By Ray Rogers
Ray Rogers: What intrigued you about Cousteau that compelled you to make this documentary?
LG: So much! I grew up watching his television show, glued to the TV, dreaming of being aboard that boat. Cousteau was a big part of my childhood. About six or seven years ago, I was reading a book about the undersea world and how it first reached a global audience through his show. I realized his legacy as the pioneer of undersea imagery wasn’t known to the current generation. That was the kernel. But then when I began to dive in, so to speak, what I realized was that there was a great story: the evolution of a man who was at first drawn by his hubris and a conqueror’s spirit, who then changed and had a redemption story in which he became a protector and a siren for the peril of climate change.
RR: I also grew up watching the shows and being amazed by them. I didn’t know that the early part of his journeys was funded by oil companies.
LG: Exactly. I think none of us knew. I didn’t know that he was a filmmaker prior to being this TV personality. I didn’t know that he had pioneered the underwater breathing apparatus that became scuba. There was so much I didn’t know. I thought of him as a great captain on a boat who was showing off beautiful fish. And obviously the story has so many more dimensions than that.
RR: There’s a quote from him in the film where he says that it’s no longer about beautiful little fish, it’s about dealing with the fate of mankind and…
LG: …nothing less.
RR: Now, decades later, the situation is very scary.
LG: He also said, “We’re throwing blank checks on future generations.” And here we are, sitting there, the recipients of those blank checks, with a huge catastrophe unfolding before our eyes. And with very little time left to reverse some of the worst effects.
RR: The film ends with a note of optimism from him. What do you hope people take away from your film?
LG: Look, in 1992 with the Rio conference [United Nations Conference on Environment and Development] I think there was optimism. There was this global gathering and attention given to the issue of climate change. And almost 30 years later, very little has been done that would have reversed some of the most negative effects of climate change. So while it’s hopeful, it’s also a tragedy that’s still unfolding.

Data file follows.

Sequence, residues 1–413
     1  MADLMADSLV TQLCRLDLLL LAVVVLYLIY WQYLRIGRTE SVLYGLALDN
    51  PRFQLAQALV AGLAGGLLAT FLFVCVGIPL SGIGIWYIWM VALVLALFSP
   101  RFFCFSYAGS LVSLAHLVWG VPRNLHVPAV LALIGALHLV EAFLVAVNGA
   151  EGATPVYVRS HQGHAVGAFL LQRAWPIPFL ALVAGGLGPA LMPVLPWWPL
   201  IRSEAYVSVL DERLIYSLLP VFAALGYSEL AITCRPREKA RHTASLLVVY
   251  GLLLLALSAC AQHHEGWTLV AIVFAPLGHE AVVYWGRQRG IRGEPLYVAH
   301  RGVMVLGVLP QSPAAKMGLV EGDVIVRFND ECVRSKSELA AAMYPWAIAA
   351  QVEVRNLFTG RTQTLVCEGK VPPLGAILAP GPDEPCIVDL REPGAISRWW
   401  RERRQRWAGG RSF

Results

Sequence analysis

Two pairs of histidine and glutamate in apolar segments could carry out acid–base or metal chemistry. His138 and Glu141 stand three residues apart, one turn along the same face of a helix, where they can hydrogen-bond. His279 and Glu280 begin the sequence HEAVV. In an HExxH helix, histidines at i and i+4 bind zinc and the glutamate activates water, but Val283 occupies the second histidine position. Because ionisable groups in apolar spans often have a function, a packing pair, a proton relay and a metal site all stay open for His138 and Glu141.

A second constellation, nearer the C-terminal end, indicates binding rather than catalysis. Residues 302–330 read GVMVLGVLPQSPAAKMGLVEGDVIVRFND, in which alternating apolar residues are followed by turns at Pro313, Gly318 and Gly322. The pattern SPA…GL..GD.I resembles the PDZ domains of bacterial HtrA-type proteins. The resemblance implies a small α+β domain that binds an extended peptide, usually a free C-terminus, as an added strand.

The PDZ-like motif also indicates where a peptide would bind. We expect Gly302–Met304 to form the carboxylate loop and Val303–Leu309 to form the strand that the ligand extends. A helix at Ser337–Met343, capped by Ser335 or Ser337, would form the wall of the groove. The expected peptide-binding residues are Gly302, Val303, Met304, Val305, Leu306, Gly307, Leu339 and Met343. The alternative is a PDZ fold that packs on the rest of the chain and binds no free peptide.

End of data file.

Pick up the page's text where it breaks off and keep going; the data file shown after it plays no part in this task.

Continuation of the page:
The takeaway is we can all use our paper straws, but at the end of the day the challenge is great and it’s going to require nation states to come together and take bold and potentially initially unpopular action. The message is that we need to look at the hard truths. As individuals we can all do our part in reducing our own carbon footprint, but it’s a much larger global problem that we need to put pressure on our leaders to combat.
RR: You must’ve had tons of footage to go through. How did you go about piecing this together and telling the story of not just his mission, but of the man himself?
LG: We had an embarrassment of riches in terms of footage. Cousteau was a filmmaker, first and foremost. At least at first, in his early life. We spent many years working—myself alongside National Geographic—to gain access to the archives. And when we did, there was a gentleman in France, an archival expert, who had been working with the Cousteau Society to organize it. We came up with a wish list of everything we wanted to see and then it became a period of listening to Cousteau and trying to sculpt. I found this with Nina Simone as well [in making What Happened, Miss Simone?]; when you listen to these individuals being interviewed, they often come back to the tendrils of their life that changed to inform that. As a filmmaker, my job is to listen to them speaking beyond the grave and shape a story that is truthful to their journeys.
Becoming Cousteau screens at the festival on October 10.